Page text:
This piece has also been published on Ted Folkman’s Letters Blogatory, together with interesting edidorial comment from Ted, who does not agree with the Federal Supreme Court. In his words:  “I’ve been arguing for a while that this holding is wrong, and that the Convention should apply to all judicial documents served in a case, but it seems that the weight of authority is pretty clearly against me. My view rests on the following considerations: (1) if only the initial documents are within the scope of the Convention, then how do we account for the Convention’s provisions relating to extrajudicial documents? (2) if only the initial documents are within the Convention’s scope, why does the Convention use the term “writ of summons” in Articles 15 and 16 but not in Article 1, where it uses the more general term “judicial document”?”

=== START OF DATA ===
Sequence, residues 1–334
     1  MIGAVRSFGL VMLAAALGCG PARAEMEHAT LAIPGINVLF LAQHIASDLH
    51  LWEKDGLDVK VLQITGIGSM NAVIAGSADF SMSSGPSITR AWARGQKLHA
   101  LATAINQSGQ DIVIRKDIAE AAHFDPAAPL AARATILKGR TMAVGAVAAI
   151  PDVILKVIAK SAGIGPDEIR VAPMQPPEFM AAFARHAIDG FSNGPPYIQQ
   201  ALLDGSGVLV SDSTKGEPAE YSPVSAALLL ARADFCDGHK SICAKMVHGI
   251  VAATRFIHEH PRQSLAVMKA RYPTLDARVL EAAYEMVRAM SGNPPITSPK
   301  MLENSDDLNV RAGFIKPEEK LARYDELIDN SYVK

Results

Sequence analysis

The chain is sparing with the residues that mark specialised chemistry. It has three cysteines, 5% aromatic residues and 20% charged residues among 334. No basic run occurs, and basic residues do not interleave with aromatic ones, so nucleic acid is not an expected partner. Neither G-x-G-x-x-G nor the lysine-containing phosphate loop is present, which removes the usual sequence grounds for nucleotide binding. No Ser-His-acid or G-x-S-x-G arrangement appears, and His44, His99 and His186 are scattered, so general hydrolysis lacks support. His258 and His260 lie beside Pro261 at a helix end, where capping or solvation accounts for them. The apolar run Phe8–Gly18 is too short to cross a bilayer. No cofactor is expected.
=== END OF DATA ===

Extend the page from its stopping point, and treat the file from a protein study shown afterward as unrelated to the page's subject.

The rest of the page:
Having read the judgments again in the light of these considerations, I could not find any discussion of these systematic arguments based on the Convention itself.


  1. Peter, I’m really open to the possibility that I may be wrong about this, but I appreciate you posting my editorial comments. I really don’t know of a good answer to the textual points about the Convention I’ve raised. On the other hand, sometime textual arguments prove too much. For instance, some US courts hold that Article 10(a) does not permit service of process by postal channels because it uses the word “send” instead of “serve”, a view that to me at least seems clearly wrong. (Interestingly, though, if those courts were right then the Bundesgerichtshof’s view would have to be wrong, otherwise Article 10(a) would serve no purpose!) I can also see an argument in favor of the Bundesgerichtshof’s view that rests on the notion that in some civil law countries case-initiating documents have to be served by officers of the state and thus somehow implicate the state’s sovereign interests while other documents do not have to be served by an officer.